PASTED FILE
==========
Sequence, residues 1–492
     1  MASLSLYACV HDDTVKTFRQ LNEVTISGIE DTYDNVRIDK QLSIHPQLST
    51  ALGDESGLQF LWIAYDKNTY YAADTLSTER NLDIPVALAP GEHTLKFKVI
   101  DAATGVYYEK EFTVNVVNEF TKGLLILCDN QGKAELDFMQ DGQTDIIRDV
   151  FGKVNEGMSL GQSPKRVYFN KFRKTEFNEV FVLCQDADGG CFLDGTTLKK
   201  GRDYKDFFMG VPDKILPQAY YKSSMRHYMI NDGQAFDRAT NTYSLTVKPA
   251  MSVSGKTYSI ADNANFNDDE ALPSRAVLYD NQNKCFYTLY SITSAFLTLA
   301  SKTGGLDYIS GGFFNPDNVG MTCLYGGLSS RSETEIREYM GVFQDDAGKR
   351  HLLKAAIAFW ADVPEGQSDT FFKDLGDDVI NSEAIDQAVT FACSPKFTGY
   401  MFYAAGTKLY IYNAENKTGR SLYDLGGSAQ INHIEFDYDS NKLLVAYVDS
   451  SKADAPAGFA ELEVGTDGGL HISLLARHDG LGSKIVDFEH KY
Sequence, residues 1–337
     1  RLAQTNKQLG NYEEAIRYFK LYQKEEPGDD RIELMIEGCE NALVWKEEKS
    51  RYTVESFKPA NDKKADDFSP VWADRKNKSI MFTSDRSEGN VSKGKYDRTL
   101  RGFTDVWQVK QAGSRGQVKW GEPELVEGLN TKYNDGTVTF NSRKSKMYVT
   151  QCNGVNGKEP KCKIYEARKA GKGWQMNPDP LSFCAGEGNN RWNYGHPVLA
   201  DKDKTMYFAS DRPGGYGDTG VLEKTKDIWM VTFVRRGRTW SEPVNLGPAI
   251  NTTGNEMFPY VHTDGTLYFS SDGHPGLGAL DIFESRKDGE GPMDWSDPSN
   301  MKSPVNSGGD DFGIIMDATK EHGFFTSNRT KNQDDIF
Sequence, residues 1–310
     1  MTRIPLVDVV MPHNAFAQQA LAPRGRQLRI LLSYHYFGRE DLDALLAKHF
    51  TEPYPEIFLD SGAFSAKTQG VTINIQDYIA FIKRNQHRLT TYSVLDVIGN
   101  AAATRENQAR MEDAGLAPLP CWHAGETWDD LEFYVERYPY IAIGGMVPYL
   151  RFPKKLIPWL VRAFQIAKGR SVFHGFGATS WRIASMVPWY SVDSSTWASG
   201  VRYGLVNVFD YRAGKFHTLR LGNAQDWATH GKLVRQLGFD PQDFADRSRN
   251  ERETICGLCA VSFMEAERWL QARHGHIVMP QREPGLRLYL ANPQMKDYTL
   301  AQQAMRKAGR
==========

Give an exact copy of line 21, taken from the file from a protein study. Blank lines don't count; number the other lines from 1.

     1  MTRIPLVDVV MPHNAFAQQA LAPRGRQLRI LLSYHYFGRE DLDALLAKHF